Julia Voss – Art Department Head, Franfurter Allssemeine Zeitung, Germany

On the second day of the conference I attended the fascinating talk by Julia Voss asking us to think about what visitors need to know about the world of art, galleries and museums that might present museum professionals and visitors alike with moral questions and dilemmas.
Most visitors to our museums and galleries might assume that each work has been placed in an exhibition after a long curatorial reasoning.  However, as registrars we know that the location or inclusion of an object in an exhibition may be due to the environment, lender’s conditions, the size of the work, security arrangements, what it is made of etc.  So even on a very fundamental level, there are ‘behind the scenes’ elements that the public are not aware of that might dictate how an exhibition is curated or how objects are displayed.  However, there are also other less straightforward reasons as to why certain works may be included in an exhibition.
Julia also identified two ‘species’ of the art world – the majority of people who interact and inhabit this world are the public or public minded bodies.  Their perception of cultural organisations is of enlightenment, for education and for the good of everyone.  This majority take the front row, as it were.  Then there are the minority of those who interact with the art world, those who see the works as financial investments and for their own personal interests.  The visitor doesn’t get to know about his side of art, but should they?  Julia argues that yes, visitors should be made aware of who owns major works of art and how inclusion of them in an exhibition or event can impact on the financial value of works.
When work is displayed with the label ‘Private Collection’ it gives the lender anonymity and visitors are not aware of any conflicts of interest or added value that is being given to the art.  Julia cited that in the United States in 2015 private museums received a letter from the Senate stating that all private museums founded by banks, art dealers etc. were to provide the government with details of opening hours, visitor numbers and access to collections.  These letters were prompted by a newspaper article questioning the right of private museums to receive tax exemptions regarding their role in serving the public.  The question that arises is that are private collectors using the guise of public welfare to turn their collections into private wealth?  By displaying your collection in the form of a public gallery are you making it more financially valuable?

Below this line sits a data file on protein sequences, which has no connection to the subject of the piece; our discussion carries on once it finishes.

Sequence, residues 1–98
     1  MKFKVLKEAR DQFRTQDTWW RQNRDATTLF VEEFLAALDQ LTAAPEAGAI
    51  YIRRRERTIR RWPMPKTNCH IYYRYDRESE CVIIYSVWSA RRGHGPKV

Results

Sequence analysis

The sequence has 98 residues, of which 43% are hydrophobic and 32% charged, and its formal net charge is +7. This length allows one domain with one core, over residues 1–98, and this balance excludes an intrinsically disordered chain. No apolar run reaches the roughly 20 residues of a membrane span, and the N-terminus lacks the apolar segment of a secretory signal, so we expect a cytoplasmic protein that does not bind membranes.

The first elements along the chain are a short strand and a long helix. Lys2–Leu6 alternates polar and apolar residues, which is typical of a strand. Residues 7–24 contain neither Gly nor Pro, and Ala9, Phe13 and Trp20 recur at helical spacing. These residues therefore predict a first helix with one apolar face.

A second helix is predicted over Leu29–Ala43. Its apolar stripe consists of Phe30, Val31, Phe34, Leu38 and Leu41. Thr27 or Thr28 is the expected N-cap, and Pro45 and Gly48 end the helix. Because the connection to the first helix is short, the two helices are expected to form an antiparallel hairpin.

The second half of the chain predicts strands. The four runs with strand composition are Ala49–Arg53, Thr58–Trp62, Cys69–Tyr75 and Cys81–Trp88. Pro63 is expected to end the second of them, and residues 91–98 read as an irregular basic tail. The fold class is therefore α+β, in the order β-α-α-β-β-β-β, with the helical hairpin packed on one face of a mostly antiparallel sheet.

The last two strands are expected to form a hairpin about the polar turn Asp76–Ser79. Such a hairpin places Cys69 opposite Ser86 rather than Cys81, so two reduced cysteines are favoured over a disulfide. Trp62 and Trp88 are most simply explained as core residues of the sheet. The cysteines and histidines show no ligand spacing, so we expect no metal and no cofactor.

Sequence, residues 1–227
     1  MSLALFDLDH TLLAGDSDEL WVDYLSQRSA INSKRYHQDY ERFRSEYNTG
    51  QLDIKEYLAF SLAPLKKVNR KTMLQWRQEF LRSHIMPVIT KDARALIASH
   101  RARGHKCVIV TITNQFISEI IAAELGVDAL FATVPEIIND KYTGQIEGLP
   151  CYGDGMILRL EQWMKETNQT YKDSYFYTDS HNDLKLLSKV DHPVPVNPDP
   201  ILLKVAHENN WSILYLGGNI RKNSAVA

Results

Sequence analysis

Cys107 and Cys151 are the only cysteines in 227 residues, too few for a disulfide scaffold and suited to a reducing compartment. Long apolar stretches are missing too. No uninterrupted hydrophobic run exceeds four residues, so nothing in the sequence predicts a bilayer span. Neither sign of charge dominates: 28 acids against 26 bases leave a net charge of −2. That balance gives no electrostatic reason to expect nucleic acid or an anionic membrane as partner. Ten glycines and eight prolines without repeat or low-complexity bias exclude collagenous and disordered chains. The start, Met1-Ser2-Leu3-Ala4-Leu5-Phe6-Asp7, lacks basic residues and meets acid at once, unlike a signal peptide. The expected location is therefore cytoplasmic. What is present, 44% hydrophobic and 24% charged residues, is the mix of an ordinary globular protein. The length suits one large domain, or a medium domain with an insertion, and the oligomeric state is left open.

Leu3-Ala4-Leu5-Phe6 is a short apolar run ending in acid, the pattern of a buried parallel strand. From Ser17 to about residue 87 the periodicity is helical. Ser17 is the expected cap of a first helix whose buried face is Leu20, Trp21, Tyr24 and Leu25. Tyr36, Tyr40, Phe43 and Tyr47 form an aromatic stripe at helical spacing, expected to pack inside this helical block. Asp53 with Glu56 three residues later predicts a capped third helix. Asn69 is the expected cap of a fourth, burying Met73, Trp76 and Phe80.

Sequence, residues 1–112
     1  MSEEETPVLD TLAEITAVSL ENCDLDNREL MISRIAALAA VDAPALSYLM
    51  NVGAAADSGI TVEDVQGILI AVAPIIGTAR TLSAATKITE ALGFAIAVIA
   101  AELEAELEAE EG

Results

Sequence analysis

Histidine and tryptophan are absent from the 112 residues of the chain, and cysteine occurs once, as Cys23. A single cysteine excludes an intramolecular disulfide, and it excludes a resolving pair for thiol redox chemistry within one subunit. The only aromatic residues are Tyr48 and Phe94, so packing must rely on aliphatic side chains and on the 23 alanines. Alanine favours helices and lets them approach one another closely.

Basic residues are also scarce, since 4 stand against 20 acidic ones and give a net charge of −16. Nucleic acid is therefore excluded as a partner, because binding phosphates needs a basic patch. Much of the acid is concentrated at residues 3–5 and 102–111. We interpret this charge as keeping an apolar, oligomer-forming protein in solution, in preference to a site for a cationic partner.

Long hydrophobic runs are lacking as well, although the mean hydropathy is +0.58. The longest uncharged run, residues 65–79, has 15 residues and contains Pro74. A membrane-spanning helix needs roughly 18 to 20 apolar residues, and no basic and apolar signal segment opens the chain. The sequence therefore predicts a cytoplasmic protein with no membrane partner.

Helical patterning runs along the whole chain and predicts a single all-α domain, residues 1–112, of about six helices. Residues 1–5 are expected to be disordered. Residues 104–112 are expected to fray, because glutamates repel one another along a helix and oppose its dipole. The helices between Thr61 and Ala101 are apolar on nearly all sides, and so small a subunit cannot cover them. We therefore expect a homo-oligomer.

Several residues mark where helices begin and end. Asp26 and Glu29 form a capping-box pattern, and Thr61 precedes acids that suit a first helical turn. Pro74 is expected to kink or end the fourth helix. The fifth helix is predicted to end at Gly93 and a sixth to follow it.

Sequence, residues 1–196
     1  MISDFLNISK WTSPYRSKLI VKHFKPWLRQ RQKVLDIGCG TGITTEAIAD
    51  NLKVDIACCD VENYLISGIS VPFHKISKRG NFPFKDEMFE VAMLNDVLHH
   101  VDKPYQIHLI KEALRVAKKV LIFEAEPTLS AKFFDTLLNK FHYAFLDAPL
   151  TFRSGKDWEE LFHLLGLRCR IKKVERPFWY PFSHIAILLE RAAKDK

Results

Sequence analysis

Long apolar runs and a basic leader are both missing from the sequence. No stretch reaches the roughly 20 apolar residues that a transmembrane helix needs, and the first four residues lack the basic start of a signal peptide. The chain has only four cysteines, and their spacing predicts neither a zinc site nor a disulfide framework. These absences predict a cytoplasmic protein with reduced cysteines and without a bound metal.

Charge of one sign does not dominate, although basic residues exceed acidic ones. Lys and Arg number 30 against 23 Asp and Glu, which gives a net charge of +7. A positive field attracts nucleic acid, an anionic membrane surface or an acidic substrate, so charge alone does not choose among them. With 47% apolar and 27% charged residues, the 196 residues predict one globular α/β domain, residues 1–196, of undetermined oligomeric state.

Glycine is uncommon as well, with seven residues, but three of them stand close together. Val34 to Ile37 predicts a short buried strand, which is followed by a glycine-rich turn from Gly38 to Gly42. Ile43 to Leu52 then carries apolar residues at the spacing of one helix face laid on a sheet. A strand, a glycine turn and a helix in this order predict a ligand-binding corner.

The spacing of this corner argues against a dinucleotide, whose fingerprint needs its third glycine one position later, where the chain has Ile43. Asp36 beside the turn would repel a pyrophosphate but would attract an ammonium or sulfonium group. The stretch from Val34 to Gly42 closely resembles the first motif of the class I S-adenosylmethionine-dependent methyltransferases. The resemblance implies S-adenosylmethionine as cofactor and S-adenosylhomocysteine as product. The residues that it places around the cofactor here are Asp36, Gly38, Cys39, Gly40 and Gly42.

For the Venice Biennale http://www.labiennale.org/en/art/news/22-11.html major collectors lend large installations of art.  Is this with the intention of nurturing their value?  Using the art like the stock or assets of a company being nurtured on the markets?  If so should the work be displayed at art fairs instead of public exhibitions?  If the financial markets are determining the contents of exhibitions, then the visitors should be aware of why they are shown certain collections and not others.  In some cases, lenders may be lending for tax exemptions or to raise the profile and therefore to raise the kudos and value of the work.  
Julia argued that the public should know who lends major works of art, so that they know who owns the work and the potential motives behind the loan so that the public can make an informed choice about which exhibitions they visit.  It would also make sure the lenders were transparent about their practises and use of art.  I wondered if elsewhere in Europe there are Codes of Ethics for museums and galleries, such as the UK MA’s code http://www.museumsassociation.org/ethics/code-of-ethics and how strictly they are enforced?
To give this talk further context I attended the showing of the documentary Beltracchi – The Art of Forgery, http://www.bbc.co.uk/arts/0/32608939
which explored further the ethical dilemmas that face the world of art, galleries and museums.  The prolific forger Beltracchi argues why is it wrong for him to make forgeries when everyone benefits – the art critic and academic have new material to study, the expert and art dealer make a profitable commission fee, the collector has fantastic art to put on the wall and the Beltracchi can make a living.  You are almost seduced into his argument before you realise it is ethically wrong and dishonest. 
The film highlighted the shadier side of the art market and how there are definitely people involved who do not put the public benefit as the first priority of their activities. Food for thought for all registrars when negotiating loan contracts…..

By Lyn Wall, Registrar, National Museums Scotland